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Industrial Progress and Human Economics   By:

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In "Industrial Progress and Human Economics," James Hartness offers a thought-provoking analysis of the interplay between industrial progress and its impact on human economies. The book delves deep into the key issues surrounding the industrial revolution in the early 20th century, providing valuable insights into how economic growth and technological advancements shaped society.

One of the strengths of Hartness' work lies in his ability to connect the dots between technological advancements and their societal consequences. He presents a comprehensive overview of various industries during the time, including manufacturing, transportation, and communication, emphasizing the far-reaching effects of these advancements on human lives. By citing real-life examples, Hartness brings to life the challenges faced by citizens and workers amidst rapid industrialization.

The author should be commended for his in-depth research and the wealth of historical data he provides. Hartness effectively draws from a wide range of sources, such as government reports, economic studies, and personal anecdotes, to support his arguments. This meticulous approach lends credibility to his analysis and allows readers to gain a better understanding of the complex dynamics at play.

Another strong point of the book is its balanced approach. Hartness neither romanticizes nor vilifies industrial progress, opting instead to present an objective assessment of its effects. He acknowledges the undeniable benefits brought about by new technologies, such as increased productivity and improved standards of living. However, he does not shy away from addressing the negative consequences, including labor exploitation, environmental degradation, and social inequality.

Furthermore, the author's writing style is clear, concise, and accessible. Complex concepts and economic theories are explained in a manner that can be understood by a broad audience. The use of illustrative graphs and charts enhances comprehension, making the book an informative read for both experts and those new to the subject.

While "Industrial Progress and Human Economics" offers a compelling analysis of its focal subjects, it would have benefitted from a more comprehensive exploration of potential solutions to the challenges highlighted. Hartness briefly touches on the importance of regulation and responsible oversight to mitigate negative impacts, but this aspect could have been given more depth and attention.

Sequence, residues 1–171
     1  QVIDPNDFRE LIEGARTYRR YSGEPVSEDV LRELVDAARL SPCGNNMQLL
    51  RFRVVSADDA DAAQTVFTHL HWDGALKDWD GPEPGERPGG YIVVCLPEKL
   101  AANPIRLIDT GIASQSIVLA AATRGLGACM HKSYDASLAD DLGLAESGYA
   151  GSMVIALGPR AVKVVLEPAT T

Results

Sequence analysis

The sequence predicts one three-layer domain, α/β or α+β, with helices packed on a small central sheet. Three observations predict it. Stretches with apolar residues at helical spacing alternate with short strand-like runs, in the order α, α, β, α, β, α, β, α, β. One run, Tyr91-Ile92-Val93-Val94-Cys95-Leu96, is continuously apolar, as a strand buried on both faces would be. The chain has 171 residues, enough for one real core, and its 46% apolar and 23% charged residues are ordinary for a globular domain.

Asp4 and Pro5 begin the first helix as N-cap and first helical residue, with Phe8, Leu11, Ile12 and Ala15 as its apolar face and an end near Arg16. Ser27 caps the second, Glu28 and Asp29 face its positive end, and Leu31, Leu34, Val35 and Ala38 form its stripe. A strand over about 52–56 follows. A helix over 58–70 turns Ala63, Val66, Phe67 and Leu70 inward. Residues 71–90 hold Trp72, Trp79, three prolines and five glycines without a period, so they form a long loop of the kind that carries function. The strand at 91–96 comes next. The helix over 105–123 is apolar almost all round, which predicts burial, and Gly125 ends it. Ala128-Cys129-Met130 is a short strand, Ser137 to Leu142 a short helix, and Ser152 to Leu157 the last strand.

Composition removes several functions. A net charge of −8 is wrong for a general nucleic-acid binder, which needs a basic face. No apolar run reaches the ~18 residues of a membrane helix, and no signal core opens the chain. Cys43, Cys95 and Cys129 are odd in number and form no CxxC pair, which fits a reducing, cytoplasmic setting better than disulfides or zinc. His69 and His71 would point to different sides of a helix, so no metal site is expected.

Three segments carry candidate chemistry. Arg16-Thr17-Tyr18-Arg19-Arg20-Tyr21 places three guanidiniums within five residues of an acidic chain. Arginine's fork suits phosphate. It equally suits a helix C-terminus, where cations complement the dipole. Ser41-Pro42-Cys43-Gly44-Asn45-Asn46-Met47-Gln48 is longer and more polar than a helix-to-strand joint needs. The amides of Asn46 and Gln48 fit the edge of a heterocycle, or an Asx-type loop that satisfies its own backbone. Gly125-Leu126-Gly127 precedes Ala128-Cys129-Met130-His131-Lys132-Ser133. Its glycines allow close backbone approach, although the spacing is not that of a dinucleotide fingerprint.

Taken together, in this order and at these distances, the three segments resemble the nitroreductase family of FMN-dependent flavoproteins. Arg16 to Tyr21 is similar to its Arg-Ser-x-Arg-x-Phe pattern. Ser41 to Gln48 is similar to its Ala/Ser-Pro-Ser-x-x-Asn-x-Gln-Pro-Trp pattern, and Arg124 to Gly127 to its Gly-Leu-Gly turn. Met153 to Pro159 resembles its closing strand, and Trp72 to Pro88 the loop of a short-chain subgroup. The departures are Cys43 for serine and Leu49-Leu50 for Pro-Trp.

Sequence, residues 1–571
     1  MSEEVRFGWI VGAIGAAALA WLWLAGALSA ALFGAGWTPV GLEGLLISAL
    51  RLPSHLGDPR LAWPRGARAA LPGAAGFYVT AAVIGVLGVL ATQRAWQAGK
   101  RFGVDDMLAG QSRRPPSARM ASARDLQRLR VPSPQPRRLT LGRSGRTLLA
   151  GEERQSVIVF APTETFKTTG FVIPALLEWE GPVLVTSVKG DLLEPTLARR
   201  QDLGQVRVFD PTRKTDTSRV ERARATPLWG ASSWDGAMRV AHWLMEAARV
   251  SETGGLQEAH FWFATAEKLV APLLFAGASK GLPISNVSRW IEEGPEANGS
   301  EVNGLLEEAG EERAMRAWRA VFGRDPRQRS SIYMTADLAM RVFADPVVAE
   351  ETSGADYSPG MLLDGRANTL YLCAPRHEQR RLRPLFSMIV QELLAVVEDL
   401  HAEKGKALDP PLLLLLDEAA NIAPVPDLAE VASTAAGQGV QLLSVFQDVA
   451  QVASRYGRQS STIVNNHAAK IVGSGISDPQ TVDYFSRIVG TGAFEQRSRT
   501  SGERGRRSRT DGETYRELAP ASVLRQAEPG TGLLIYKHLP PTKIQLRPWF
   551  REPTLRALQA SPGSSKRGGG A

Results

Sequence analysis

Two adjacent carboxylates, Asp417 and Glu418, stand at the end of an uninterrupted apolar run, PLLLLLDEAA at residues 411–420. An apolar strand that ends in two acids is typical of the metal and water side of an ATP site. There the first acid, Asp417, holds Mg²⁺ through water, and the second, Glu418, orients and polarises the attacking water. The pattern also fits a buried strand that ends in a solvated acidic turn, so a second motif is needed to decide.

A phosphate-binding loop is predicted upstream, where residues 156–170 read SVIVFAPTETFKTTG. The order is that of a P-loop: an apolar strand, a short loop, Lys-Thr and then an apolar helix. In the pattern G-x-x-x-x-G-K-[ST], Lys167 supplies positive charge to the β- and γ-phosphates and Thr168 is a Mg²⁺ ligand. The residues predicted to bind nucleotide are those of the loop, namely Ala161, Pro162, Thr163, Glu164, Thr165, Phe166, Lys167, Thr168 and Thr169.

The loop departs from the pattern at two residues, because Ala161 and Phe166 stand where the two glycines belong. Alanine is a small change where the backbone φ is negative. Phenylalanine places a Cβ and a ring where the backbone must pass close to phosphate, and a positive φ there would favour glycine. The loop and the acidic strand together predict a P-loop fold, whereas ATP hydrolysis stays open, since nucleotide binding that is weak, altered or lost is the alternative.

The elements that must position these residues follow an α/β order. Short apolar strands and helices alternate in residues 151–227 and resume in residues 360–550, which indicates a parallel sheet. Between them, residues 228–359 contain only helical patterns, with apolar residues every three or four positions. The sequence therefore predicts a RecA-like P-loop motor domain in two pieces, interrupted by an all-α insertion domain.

Overall, James Hartness' "Industrial Progress and Human Economics" is a must-read for anyone interested in understanding the complex relationship between industrial progress and its effects on human economies. Its comprehensive research, balanced approach, and accessible writing style make it a valuable resource for both scholars and individuals seeking a deeper comprehension of the profound changes brought about by the industrial revolution.

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By James Hartness


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Address all communications relative to industries to Commissioner of Industries, Montpelier, Vermont.

This book is published by private funds

Fellow Citizen :

Vermont's natural resources have been set forth in State publications, not adequately, but nevertheless, in well prepared publications.

Supplementing such publications this book deals with our human resources, showing the way by which our greatest resource human energy can be most effectively employed. It uses the welfare of man as the yardstick of measure rather than treating the subjects under the head of natural resources.

At the present time the productive power of a day's work varies greatly throughout the country. It reaches its highest point where the most efficient implements and machines are used; where there is a high degree of special ability acquired by each executive and workman, such as has been attained in our highly specialized manufacturing industries, many of which may be found in our neighboring states. The upbuilding of such organizations is only in its infancy. There is now a natural drift away from congested cities to adjacent states where plants and homes may be spread out over larger areas.

The personal side of this to each man is the supreme need of a better understanding of human economics; that is, he must know the best way to use his own energies, and since he must work in cooperation with others he should also know what constitutes the most effective and successful organization... Continue reading book >>

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